The Stavros Niarchos Foundation Library, designed in collaboration with Beyer Blinder Belle, transforms a historic building on Fifth Avenue
Dutch architecture practice Mecanoo and US firm Beyer Blinder Belle Architects & Planners have completed the The Stavros Niarchos Foundation Library in New York City, within the 1914 shell and steel frame of the Mid-Manhattan Library on Fifth Avenue which it replaces. The library was and remains the largest circulating branch of the New York Public Library (NYPL).
The 16,722 sq m renovated building is topped with an eye-catching angular roof – alongside a roof garden – which Mecanoo principal Francine Houben calls the ‘Wizard Hat’. ‘Libraries are the most important public buildings of all,’ says Houben. ‘A central circulating library must empower the community it serves. Here, the community is all New Yorkers. Super-charged with energy, diversity and hope, America’s greatest city deserves the best that a central circulating library can be. The Stavros Niarchos Foundation Library is a powerhouse of wisdom, and its street presence brings drama and magic to Manhattan, visibly expressed with its Wizard Hat.’
Mecanoo led the design stages and Beyer Blinder Belle led the historic preservation and designed the environmental graphics. The library is located across from NYPL’s Stephen A Schwarzman Building (SASB), designed in 1911. Together they form the NYPL Midtown Campus, and features in the new library make reference to those in the SASB, including long tables, ceiling artwork and the use of materials including natural stone, terrazzo, and oak.
The library’s ground floor is arranged around an internal ‘street’ that runs beneath a floating linear canopy of wood beams. A rectangular opening in the floorplate reveals the lower ground floor, which houses a children’s library and teen cenrtre. An internal window in the lower ground floor allows visitors to see the library’s book-sorting machine in action.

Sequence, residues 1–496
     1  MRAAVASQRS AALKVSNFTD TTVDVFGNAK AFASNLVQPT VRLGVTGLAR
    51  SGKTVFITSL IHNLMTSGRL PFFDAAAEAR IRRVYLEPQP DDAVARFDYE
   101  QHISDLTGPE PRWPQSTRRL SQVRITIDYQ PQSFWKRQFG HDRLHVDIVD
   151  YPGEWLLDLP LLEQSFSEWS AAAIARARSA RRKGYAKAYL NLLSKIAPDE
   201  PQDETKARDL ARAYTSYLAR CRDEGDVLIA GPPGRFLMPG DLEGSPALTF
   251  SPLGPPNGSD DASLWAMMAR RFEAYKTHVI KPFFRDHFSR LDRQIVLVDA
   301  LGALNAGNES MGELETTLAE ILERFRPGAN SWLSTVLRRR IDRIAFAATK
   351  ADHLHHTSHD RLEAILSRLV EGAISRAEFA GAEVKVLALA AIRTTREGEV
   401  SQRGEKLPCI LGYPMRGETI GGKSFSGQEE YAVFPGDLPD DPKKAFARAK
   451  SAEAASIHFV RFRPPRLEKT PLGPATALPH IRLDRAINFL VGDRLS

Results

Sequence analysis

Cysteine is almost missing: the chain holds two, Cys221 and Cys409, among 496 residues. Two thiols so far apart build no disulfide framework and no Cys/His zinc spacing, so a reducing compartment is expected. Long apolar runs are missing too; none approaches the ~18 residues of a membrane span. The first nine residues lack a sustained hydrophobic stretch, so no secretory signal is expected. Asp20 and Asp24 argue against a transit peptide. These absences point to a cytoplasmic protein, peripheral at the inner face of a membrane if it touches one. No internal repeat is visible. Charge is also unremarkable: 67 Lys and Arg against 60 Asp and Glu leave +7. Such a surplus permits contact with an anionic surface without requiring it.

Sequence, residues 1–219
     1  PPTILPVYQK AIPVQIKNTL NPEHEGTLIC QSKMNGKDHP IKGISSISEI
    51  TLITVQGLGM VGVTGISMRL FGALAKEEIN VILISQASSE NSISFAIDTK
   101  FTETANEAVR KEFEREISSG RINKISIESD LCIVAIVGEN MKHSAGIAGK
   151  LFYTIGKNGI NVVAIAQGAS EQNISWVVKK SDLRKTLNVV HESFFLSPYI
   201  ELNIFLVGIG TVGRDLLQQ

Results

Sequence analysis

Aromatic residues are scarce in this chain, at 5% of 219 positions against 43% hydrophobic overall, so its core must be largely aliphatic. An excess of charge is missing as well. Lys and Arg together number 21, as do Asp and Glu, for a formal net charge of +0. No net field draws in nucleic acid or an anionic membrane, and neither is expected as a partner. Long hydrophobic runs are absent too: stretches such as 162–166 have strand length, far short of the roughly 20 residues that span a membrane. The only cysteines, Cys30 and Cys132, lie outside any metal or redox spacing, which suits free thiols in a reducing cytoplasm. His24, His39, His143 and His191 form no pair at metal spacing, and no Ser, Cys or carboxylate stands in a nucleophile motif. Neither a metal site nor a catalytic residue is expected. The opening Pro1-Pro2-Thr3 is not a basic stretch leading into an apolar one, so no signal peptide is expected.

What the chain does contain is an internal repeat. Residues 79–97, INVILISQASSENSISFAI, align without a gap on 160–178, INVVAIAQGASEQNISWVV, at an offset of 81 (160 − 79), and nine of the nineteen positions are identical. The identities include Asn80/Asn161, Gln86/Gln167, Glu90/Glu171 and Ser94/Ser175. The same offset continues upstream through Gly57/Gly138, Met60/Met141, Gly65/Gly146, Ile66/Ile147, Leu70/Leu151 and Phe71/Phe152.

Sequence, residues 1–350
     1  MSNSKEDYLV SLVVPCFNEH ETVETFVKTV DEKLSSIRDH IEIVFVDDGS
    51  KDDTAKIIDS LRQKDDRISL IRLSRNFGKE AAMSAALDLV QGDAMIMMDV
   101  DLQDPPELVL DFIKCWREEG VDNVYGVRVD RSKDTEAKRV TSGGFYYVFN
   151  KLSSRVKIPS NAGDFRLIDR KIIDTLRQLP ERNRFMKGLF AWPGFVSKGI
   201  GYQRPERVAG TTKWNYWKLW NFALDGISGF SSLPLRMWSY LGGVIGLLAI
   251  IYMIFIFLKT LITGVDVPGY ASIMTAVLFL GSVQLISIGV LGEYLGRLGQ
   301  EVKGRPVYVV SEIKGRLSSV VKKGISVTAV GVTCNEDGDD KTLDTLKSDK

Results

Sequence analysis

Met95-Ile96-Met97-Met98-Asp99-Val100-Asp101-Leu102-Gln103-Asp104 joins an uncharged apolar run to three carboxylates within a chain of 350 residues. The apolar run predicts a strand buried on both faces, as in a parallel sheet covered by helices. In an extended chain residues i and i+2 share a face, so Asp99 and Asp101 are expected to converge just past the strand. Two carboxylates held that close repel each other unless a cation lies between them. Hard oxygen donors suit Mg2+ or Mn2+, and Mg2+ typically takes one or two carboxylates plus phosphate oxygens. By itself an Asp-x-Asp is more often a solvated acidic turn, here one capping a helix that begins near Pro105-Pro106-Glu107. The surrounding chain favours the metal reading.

The new design offers more space, more books, more seats, and lower shelves. The heart of the library is the Long Room, a new space that brings the idea of a library into the old structure, which was originally designed as a department store. ‘We really wanted to use the columns,’ says Houben, referring to the building’s steel frame. A triple-height void has been cut into it, separating three floors of reading areas on one side and five levels of book stacks on the other, topped by a new abstract ceiling artwork by Hayal Pozanti.
Above the Long Room, the fifth and sixth floors host a business centre and learning centre. The seventh floor, built at the original building’s roof level, has pitched wood slat ceilings and contains a 268-occupant event centre. An L-shaped roof terrace includes a roof garden – freely accessible to the public – and an adjacent indoor cafe.
Above the seventh floor, a dramatic new roof (the ‘Wizard Hat’) slopes up to cover mechanical equipment. Its angled pitches, and a patinated copper-colored aluminum surface, are inspired by Manhattan’s Beaux Art copper-clad mansard roofs, many of which are visible nearby.
Photography by John Bartelstone